London Marathon bans Liliya Shobukhova for life

Liliya Shobukhova wins the 2010 Virgin London Marathon. Photo: Getty Images

UPDATE - former banned athlete Liliya Shobukhova has been ordered to repay £377,361 plus costs to London Marathon organisers by the British High Court.

However, the claim may take some time as the decision will need to be enforced in Russia before London Marathon see any of the cash. 


Drug cheat Liliya Shobukhova is free to compete again after her suspension was cut short as a reward for co-operating with World Anti-Doping Agency (WADA) investigations.

But London Marathon chiefs vowed to maintain their zero tolerance policy on drug cheats and have said Shobukhova is still banned from taking part in the London Marathon or any of the five other marathons that make up the World Marathon Majors. 

The second fastest woman in the world behind Paula Radcliffe, Shobukhova won the 2010 London Marathon and the Chicago marathon three times in a row, but was stripped of all her results from October 2009 and banned from competing for two years following abnormalities in her biological passport.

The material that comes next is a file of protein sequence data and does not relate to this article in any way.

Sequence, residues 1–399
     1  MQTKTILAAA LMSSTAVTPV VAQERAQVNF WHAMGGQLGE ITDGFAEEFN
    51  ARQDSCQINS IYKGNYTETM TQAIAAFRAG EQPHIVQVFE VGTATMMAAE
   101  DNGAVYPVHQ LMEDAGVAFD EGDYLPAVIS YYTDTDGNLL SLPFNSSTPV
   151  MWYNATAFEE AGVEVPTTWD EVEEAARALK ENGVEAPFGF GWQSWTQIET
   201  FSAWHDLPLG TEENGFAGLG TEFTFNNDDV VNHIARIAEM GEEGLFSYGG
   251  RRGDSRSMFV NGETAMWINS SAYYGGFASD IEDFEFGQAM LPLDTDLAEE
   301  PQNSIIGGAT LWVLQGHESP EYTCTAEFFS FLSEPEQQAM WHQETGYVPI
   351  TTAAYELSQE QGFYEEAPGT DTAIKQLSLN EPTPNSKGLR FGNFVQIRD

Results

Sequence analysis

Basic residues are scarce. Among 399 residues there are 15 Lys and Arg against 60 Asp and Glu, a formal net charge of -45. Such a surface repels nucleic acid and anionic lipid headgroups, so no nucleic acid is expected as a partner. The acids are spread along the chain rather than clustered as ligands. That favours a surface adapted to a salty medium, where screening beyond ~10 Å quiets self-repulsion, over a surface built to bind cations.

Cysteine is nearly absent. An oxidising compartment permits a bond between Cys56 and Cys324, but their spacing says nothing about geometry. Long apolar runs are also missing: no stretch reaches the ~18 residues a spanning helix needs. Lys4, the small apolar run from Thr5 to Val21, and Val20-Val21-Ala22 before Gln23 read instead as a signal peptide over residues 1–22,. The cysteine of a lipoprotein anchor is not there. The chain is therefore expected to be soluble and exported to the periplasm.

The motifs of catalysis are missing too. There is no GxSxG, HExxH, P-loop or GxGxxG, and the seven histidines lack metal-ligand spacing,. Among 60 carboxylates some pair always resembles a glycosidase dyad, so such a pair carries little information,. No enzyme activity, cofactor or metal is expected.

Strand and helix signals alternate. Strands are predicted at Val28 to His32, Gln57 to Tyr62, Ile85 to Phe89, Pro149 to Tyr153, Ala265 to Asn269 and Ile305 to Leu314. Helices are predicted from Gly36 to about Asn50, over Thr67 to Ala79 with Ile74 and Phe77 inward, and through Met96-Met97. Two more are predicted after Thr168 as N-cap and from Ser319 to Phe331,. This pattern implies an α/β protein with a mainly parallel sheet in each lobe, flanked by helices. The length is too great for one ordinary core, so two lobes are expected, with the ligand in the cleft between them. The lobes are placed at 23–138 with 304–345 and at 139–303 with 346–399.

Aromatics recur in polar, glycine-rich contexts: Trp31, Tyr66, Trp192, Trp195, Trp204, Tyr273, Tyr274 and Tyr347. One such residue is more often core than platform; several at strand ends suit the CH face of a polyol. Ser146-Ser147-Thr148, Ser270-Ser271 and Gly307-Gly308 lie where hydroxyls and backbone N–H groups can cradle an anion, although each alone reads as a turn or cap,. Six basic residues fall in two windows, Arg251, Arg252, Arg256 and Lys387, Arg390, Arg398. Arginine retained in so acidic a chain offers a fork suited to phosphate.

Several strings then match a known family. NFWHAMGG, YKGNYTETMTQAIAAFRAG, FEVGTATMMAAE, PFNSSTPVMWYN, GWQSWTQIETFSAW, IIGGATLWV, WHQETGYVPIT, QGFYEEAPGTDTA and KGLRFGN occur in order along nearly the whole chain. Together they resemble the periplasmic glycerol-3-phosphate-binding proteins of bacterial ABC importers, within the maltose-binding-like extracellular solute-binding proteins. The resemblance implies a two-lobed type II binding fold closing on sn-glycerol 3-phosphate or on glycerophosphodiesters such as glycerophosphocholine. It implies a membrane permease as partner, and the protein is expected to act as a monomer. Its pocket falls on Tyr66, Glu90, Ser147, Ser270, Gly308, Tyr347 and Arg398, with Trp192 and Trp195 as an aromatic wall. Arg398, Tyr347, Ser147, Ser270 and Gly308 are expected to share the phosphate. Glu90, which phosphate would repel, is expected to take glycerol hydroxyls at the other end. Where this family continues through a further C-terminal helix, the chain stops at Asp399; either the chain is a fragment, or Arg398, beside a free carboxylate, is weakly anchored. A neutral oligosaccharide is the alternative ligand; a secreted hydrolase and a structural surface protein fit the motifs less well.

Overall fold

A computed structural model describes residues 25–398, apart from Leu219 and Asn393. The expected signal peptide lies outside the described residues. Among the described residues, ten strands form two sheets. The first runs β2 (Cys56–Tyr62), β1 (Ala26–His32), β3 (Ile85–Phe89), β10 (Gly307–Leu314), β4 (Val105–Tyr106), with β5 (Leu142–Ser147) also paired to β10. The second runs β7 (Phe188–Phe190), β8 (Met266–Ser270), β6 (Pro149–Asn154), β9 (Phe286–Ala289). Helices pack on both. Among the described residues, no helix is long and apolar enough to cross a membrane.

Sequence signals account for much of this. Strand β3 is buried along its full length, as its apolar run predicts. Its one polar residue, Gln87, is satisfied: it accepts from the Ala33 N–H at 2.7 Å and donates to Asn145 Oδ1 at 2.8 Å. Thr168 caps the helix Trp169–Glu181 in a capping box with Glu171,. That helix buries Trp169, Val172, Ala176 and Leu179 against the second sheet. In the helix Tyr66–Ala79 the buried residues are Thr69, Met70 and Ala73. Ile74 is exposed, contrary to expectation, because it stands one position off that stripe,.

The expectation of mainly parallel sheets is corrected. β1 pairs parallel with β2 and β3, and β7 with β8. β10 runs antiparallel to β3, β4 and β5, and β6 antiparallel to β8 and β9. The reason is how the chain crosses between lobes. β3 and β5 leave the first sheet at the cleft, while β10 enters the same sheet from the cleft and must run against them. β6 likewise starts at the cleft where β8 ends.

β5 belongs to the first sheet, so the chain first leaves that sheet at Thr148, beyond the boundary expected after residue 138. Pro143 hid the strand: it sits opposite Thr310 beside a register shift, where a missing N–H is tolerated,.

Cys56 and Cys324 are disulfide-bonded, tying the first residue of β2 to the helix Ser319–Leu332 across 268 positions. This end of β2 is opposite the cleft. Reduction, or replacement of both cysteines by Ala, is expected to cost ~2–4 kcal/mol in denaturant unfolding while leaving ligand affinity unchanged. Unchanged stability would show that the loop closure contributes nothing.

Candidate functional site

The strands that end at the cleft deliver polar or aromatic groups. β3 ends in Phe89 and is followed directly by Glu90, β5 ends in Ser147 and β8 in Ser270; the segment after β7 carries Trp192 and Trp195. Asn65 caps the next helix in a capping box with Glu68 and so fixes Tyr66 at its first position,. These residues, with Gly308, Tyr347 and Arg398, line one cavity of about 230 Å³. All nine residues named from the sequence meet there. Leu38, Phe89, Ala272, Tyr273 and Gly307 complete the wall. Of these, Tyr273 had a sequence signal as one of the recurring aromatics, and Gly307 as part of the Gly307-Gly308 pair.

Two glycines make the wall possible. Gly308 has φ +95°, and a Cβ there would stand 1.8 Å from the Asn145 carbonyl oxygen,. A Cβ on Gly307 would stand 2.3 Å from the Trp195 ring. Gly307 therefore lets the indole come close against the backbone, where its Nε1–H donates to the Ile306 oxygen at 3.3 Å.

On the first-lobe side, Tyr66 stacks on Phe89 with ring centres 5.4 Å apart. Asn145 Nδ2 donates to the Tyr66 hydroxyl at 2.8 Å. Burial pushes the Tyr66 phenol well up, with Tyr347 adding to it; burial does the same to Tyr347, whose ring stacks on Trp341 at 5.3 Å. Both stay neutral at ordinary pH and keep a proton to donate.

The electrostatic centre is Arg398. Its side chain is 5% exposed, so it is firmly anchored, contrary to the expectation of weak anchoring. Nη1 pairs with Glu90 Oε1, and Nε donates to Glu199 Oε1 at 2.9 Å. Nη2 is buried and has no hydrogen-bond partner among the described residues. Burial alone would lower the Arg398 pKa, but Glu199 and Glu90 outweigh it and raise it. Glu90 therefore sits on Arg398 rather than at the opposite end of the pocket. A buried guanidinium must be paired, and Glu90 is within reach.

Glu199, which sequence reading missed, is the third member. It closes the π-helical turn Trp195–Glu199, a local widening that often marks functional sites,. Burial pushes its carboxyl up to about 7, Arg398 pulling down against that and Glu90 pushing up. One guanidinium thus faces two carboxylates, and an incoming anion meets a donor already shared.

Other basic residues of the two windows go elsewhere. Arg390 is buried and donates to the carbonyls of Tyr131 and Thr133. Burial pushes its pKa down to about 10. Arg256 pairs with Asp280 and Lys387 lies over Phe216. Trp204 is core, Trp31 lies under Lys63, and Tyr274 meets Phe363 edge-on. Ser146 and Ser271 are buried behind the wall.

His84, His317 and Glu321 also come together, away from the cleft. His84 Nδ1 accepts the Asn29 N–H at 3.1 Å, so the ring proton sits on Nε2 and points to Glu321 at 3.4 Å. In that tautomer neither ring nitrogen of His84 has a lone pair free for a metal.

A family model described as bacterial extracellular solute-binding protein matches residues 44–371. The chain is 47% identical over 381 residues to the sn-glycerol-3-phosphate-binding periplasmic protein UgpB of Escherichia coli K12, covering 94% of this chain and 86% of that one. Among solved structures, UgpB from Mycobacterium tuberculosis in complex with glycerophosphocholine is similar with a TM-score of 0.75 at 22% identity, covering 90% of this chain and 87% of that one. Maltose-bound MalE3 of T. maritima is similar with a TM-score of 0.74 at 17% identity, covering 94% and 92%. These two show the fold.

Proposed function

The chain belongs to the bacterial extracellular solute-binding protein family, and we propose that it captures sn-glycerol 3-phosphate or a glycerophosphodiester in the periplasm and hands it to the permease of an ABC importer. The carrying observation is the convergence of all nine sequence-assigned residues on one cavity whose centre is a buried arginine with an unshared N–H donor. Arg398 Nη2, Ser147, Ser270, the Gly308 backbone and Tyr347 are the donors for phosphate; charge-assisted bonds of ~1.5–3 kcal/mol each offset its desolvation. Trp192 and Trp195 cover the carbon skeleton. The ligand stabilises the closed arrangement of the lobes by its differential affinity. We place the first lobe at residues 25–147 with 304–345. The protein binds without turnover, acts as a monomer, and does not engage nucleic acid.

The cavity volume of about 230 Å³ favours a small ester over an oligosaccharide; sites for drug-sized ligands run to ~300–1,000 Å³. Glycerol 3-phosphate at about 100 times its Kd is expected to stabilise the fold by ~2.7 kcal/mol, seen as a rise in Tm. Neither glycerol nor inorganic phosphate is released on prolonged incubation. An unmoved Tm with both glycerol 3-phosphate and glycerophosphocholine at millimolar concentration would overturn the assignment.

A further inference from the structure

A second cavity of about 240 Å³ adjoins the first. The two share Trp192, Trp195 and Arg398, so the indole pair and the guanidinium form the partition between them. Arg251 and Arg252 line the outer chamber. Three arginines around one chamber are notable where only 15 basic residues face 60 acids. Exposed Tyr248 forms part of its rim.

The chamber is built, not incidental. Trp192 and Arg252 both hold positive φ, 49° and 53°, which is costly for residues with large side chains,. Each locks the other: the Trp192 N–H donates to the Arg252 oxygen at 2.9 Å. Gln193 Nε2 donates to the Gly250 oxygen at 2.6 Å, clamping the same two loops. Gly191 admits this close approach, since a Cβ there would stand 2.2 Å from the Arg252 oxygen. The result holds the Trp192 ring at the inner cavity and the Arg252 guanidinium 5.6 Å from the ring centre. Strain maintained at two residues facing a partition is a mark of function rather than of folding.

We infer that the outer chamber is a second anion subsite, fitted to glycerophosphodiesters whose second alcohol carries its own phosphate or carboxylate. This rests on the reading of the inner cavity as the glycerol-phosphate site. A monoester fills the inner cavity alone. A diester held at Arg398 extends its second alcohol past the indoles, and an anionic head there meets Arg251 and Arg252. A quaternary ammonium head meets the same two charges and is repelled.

Her original two-year ban from the Russian federation was increased to three years and two months by the International Association of Athletics Federations, the athletics world governing body, following a ruling by the Court of Arbitration for Sport. But in May last year Shobukhova approached WADA offering to give information on other athletes and her ban was shortened by seven months.

A WADA statement said: ‘Ms Shobukhova accepted from the outset that she had committed an anti-doping rule violation. The information and documentation she provided has been of substantial value in uncovering and investigating anti-doping rule violations committed by other individuals, including athlete support personnel.’  

In a statement issued on Monday the London Marathon insisted: ‘Our zero tolerance policy is unaltered. We believe there should be no place in our sport for people who have cheated, no matter how much assistance they give after they have been caught.’

Shobukhova’s reprieve also won’t stop the London Marathon from continuing with legal action to recover prize money.

Nick Bitel, Chief Executive of the London Marathon, said: ‘The London Marathon has already announced that it will commence legal proceedings against athletes who have failed tests if they do not repay money that they have received from the event and has already taken steps to do so in the case of Shobukhova.

'We are determined to make marathon running a safe haven from doping. This means that cheats should not be permitted to keep their ill-gotten gains under any circumstances.'